Also known as Dead Snow here in the states (does that mean the Norwegian way of saying “ow” is “ø”?), this film is about a group of youngsters on Easter vacation who decide to spend their time in a cabin in the middle of a winter wonderland. In case the poster didn’t give it away, it turns out they have stumbled into a winter wünderland! Get it? Because Nazis were German? Glad you’re still here with me. Anyways, the kids are trying to have a grand old time when a mysterious old man stops by their cabin and tells them they are spoiled, their coffee sucks, and that Nazis used to live there 50 years ago. Surprisingly, these Nazis are actually still running around the woods as weird, ambiguous quasi-zombies. I say quasi-zombies because throughout the film, you never really find out if they are zombies or some other type of ghoul, an ambiguity I actually enjoyed. By classifying a movie as a “zombie movie,” someone like me will pick it up and give it a whirl and have certain expectations that are intrinsic to most other films in the subgenre. Dead Snow reminds me more of earlier horror films, like Night of the Living Dead or The Last Man on Earth, where the creatures are just vague monsters, allowing the director to make up whatever rules they want. Multiple characters get bitten, yes, but they don’t survive long enough to find out whether or not they become the living dead.
Nazis hate the cold
The film could have easily relied on stereotypes when populating the cabin with coeds, but the story showed restraint and the characters were pretty likable (for the most part). I don’t mean you were incredibly invested in whether they lived or died, but you weren’t irritated enough by any of them to hope they’d get killed off. One of the funnier aspects was the character Erlend (played by Jeppe Laursen) who established himself as a movie geek early in the film, making most horror fans nervous that they’re own movie knowledge would be mocked. That wariness subsided in a scene where the group is walks to their cabin and Erlend mentions how many other movies start off that way, which turned into a great opportunity for the writer/director Tommy Wirkola to drop some knowledge on Evil Dead 2, as well as a love connection between two characters thanks to an April Fool’s Day reference. It was nice to see early in the film that horror fans could trust Wirkola, seeing as he used lesser known points of reference. It came as no surprise when Erlend is seen shortly after wearing a t-shirt with the poster for Peter Jackson’s Braindead (a.k.a. Dead Alive), but also secured that Wirkola knew his shit.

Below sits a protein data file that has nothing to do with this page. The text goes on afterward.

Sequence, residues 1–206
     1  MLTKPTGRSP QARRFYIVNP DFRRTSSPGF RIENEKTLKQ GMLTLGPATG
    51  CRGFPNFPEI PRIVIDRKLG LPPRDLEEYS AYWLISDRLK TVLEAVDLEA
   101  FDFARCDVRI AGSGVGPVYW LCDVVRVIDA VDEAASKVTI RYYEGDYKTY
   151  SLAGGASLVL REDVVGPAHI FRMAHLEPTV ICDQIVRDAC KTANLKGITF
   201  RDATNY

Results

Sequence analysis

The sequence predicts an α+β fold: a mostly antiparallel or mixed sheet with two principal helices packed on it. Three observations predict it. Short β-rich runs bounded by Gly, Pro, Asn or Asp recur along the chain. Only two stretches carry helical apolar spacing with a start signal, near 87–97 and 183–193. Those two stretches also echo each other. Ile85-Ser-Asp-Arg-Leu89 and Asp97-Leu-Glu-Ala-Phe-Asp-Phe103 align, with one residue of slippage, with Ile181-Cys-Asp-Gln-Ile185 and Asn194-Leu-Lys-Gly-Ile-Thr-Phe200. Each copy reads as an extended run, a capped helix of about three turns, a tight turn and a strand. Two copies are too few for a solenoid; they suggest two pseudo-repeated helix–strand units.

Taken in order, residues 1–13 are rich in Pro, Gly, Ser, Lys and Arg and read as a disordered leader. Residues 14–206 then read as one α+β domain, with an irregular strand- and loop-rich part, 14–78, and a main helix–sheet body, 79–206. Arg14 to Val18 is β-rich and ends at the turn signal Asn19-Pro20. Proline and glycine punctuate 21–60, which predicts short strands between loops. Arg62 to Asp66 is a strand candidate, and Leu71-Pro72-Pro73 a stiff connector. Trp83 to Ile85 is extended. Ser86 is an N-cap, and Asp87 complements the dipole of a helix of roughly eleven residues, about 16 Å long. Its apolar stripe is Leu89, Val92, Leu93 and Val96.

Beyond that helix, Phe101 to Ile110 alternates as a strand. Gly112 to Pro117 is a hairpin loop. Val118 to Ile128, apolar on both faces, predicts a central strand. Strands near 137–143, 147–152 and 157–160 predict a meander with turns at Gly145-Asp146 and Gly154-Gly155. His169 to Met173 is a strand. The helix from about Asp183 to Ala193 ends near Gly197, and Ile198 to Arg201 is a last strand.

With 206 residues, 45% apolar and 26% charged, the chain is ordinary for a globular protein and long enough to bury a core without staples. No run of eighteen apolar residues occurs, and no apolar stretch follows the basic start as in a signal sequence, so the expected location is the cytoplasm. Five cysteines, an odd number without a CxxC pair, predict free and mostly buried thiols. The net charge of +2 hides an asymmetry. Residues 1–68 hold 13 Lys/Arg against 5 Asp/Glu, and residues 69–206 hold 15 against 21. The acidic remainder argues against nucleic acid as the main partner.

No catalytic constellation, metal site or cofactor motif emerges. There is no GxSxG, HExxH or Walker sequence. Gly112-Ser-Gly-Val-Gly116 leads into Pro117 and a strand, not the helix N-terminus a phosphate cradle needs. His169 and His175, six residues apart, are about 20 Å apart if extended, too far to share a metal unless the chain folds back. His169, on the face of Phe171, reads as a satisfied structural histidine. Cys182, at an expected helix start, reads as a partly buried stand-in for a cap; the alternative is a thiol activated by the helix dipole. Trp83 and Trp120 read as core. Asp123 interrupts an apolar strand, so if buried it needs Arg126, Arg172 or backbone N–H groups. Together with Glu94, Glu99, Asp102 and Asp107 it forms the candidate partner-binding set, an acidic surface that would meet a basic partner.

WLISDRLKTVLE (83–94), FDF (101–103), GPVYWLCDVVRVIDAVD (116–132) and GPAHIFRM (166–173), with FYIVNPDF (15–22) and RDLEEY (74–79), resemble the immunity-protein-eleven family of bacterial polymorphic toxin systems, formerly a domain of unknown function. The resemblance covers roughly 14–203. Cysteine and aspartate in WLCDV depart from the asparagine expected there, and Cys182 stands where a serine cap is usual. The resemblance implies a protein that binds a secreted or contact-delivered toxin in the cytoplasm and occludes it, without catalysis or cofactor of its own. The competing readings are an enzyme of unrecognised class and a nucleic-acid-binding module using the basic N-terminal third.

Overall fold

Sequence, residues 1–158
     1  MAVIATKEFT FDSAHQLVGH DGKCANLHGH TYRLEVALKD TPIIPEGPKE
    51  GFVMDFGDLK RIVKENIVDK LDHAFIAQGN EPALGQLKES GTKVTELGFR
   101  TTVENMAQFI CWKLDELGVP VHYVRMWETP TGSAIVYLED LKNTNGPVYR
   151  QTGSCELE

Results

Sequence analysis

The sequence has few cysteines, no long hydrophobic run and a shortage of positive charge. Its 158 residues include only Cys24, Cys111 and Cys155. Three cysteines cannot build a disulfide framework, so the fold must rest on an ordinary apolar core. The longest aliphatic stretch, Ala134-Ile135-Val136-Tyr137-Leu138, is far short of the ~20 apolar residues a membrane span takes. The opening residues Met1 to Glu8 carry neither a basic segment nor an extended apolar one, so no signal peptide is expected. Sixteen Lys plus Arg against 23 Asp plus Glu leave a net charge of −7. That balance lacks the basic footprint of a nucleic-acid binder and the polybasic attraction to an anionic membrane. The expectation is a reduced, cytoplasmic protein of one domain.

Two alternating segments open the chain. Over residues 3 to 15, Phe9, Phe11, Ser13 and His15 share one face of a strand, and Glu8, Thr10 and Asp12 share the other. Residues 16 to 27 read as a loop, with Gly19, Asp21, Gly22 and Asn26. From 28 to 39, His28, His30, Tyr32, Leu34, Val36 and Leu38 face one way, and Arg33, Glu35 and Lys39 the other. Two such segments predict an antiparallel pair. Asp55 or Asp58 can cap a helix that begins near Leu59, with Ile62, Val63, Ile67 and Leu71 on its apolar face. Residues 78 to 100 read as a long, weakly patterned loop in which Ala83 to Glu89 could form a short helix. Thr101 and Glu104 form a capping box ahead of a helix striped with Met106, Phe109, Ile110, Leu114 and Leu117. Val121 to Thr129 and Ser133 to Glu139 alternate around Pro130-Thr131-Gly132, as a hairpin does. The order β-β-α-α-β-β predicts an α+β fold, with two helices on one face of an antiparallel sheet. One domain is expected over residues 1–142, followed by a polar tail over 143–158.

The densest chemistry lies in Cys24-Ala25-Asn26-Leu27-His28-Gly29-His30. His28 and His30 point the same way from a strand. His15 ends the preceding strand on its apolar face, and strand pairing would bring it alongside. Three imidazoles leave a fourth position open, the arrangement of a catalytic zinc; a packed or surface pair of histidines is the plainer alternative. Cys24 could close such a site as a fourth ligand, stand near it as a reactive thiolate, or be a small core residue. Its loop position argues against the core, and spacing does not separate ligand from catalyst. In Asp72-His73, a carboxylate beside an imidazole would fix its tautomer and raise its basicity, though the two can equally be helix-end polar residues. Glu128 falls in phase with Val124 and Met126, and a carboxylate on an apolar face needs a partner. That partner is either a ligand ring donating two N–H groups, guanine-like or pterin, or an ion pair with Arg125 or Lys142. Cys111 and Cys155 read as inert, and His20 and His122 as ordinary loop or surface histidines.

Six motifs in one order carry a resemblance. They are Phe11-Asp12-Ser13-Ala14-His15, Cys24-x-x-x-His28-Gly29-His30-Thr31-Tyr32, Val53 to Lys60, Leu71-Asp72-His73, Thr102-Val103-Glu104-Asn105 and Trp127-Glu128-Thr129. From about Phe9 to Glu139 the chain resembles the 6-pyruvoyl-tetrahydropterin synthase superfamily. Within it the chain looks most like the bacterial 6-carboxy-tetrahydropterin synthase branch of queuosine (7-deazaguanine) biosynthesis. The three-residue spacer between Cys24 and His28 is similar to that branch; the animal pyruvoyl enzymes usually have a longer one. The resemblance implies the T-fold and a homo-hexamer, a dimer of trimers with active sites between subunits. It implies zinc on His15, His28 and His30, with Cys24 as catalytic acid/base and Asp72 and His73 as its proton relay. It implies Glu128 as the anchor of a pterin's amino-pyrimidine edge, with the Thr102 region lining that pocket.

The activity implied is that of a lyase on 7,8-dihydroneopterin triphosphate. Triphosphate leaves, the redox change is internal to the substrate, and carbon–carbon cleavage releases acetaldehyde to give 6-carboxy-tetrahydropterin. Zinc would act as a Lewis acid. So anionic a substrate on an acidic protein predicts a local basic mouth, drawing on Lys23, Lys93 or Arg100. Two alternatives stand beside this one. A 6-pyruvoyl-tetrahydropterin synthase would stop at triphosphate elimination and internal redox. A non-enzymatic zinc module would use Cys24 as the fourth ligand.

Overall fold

The plot wasn’t all that new or exciting, but the special effects fucking ruled. The filmmakers must have found a great deal on buying fake intestines in bulk, because I can’t remember a movie that had so many scenes involving someone’s entrails being played with. The final battle had all sorts of limb severing, decapitations, and brain pulverizing, creating an orchestra of gore. Add that to a head being ripped into two pieces early on in the movie, and you have yourself quite a gory little film, and you never get sick of seeing that bright white snow get stained by all that blood. All in all, Dead Snow offers a mediocre story but gives you enough blood and humor to keep you interested and thoroughly entertained.
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